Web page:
Superfan Magoo and the Magoo Crew bring inspiration to Edmonton Oilers fans and youth everywhere

Superfan Magoo and his wife Nipiyiskwew bring love to the Edmonton Oilers and their fans. Photo supplied.

By Kinnukana, Local Journalism Initiative Reporter

(ANNews) – There is no one more dedicated and passionate for the Edmonton Oilers than Superfan Magoo, whose real name is Blair Gladue, a Cree from Calling Lake Alberta. He is recognized as a beloved figure among Oilers fans and a role model for Indigenous people. He is often seen at games and events decked out in Oilers gear cheering on the team. He spreads his positivity and love to not just the Oilers, but he also uses it to inspire Indigenous Youth all over Canada.

Blair Gladue is a Cree who was born in Calling Lake, Alberta. He lived there as a young boy and was raised by his grandparents, Alice Gladue (nee Beaver) and Paul Gladue. Right from infancy they spoke only Cree to him. Blair is a fluent Cree speaker and did not speak English until he went to school at age five.

The Magoo Crew Entertainment provide workshops and motivational talks on anti-bullying, suicide awareness and respect. They also perform hoop dancing, traditional dancing, jigging, break dancing, singing, comedy, and drumming.

Blair loved growing up with his grandparents. He said that “the most special memory I have with my grandparents is every weekend, every Saturday morning, we would go check our snares in the bush, hike for miles and go hunting. Every weekend, right from when I was a little baby.” They taught him how to set snares, shoot and skin animals. They taught him how to live off the land, pick berries and cones. Blair remembers when he was about ten years old, and he would go pick cones with his grandpa. Every sack that they picked together was dropped off at Forestry and they would receive twenty dollars a bag.

Blair’s love of hockey came from playing ice hockey in the ponds and watching hockey on television. He said he was always a fan of the Edmonton Oilers right from when he was a kid. As he grew up in a log house, he would watch hockey games with his grandpa on their black and white TV. They had an antenna that they had to move around just to get reception for CBC.

Blair was a young man when his grandparents passed away. Afterwards, he moved around a lot. He lived in Wabasca, Athabasca, and Elk Point. Then, Blair ended up living with his mother Virginia in Edmonton. When he moved there, he was already a Superfan of the Edmonton Oilers but didn’t have any money to purchase tickets to attend games. He would walk around with his Oilers T-Shirt and a little Oilers flag that he had, and he would stand on the corner of the street by the rink and pump everyone up before games. At the time, Blair made do with what he had available to him.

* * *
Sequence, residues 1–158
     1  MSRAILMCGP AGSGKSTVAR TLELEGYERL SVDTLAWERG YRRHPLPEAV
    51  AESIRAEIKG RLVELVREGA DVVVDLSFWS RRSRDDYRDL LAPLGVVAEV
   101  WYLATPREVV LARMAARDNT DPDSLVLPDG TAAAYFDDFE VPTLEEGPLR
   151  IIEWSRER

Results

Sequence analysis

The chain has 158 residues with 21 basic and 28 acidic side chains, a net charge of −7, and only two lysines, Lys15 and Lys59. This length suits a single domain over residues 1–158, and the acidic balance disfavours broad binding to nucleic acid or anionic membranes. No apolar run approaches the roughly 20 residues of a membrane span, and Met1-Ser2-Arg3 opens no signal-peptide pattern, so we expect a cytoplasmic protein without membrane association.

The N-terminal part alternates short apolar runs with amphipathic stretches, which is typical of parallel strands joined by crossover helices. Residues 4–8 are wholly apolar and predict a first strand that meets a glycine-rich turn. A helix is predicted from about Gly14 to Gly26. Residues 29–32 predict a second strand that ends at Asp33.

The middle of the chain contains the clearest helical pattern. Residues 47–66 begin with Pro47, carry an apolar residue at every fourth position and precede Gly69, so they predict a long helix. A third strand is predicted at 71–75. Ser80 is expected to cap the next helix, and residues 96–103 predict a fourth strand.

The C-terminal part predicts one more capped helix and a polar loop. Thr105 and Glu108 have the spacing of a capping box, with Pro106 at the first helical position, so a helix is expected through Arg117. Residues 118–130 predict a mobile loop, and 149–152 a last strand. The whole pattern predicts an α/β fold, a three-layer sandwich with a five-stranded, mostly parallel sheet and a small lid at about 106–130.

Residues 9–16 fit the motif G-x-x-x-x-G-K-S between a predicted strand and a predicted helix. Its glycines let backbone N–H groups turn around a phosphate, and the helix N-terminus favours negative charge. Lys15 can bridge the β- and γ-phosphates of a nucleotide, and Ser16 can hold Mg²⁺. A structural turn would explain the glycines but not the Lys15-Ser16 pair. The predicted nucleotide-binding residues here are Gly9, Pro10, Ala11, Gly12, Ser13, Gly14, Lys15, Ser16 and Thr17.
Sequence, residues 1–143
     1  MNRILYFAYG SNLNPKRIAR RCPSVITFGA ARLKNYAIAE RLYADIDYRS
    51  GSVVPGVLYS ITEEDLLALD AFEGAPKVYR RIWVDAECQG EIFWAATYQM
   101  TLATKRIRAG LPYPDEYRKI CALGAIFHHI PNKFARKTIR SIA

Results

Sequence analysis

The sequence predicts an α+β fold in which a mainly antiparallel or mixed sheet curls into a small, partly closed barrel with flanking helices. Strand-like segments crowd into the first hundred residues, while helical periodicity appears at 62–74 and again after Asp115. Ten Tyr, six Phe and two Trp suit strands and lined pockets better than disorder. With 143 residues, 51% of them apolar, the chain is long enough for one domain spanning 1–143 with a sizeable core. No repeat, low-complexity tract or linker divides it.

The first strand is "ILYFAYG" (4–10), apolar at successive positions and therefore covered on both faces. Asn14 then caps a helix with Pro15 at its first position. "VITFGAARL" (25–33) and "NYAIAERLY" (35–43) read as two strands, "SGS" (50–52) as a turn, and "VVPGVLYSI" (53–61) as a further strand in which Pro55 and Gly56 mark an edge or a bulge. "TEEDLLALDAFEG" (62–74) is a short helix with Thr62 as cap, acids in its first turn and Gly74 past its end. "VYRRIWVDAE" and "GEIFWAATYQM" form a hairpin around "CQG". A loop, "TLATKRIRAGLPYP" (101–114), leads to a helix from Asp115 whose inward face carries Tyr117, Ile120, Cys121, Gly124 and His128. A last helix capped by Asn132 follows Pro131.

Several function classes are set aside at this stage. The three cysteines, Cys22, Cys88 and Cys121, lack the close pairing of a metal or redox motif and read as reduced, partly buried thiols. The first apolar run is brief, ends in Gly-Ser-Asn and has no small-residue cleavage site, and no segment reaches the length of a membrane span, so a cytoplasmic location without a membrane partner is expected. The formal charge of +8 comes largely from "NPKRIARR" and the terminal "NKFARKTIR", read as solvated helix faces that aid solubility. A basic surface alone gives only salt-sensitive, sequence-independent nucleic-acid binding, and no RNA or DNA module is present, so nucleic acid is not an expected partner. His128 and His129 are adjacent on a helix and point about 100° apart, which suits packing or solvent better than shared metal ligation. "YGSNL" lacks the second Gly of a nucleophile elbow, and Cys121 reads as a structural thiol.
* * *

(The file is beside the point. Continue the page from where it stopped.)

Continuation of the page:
Blair says he was not an Angel growing up and did what he needed to do to survive. However, he chose early on not to consume alcohol and has maintained his sobriety throughout his life. Blair said that while growing up, he saw his friends and relatives go through a lot of challenges related to alcohol abuse and he did not want to follow the same path. Blair’s advice for young people is that ‘You have a gift. Use it, don’t abuse it.’

Blair is dedicated to being Superfan Magoo and prefers to be called that. He takes his role of promoting his beloved team seriously. Superfan Magoo is always decked out in Oilers clothing, and he never misses standing outside with his traditional Indigenous drum and flags cheering on the team before games. His special drum was gifted to him by Rocky Morin of Enoch Cree Nation. Superfan Magoo has met many Oilers players, coaches and staff. He said that they have shared with him that the whole dressing room loves what he does, and they can hear his drum which gives them inspiration.

Superfan Magoo also inspires youth through his entertainment crew called the Magoo Crew Entertainment. Superfan Magoo had a crew in the past that focused only on break dancing, but they ended it after a few years. In 2016, Superfan Magoo’s wife, Nipiyiskwew, encouraged him to restart the crew with a different focus. The Magoo Crew consists of up to five members who travel all over Canada to host workshops with youth. They are an entertainment group that does hoop dancing, traditional dancing, jigging, singing, rapping and break dancing. As they entertain, they also speak to everyone about anti-bullying, suicide awareness, respecting yourself, Elders and Culture. They provide a message for kids – “as long as you stay in school, respect yourself and everyone around you, you are going to grow up to be whatever you want to be in life.” The goal of the Magoo Crew is to inspire and motivate youth, adults and Elders everywhere.

Superfan Magoo said, “On social media, and all over the world, there is so much negatively today. I was taught by my grandparents that in order to respect anyone else around you, you have to respect yourself, and the world is a better place when everyone is smiling, having fun and enjoying themselves. That is what I focus on, being positive and spreading love. I just want to be that person that everybody loves because I love everybody, it doesn’t matter who they are or where they come from, I love them. What we need to do as Indigenous people is lift each other up and not bring each other down.”

For more information on the Magoo Crew and to book them in your community, email [email protected]

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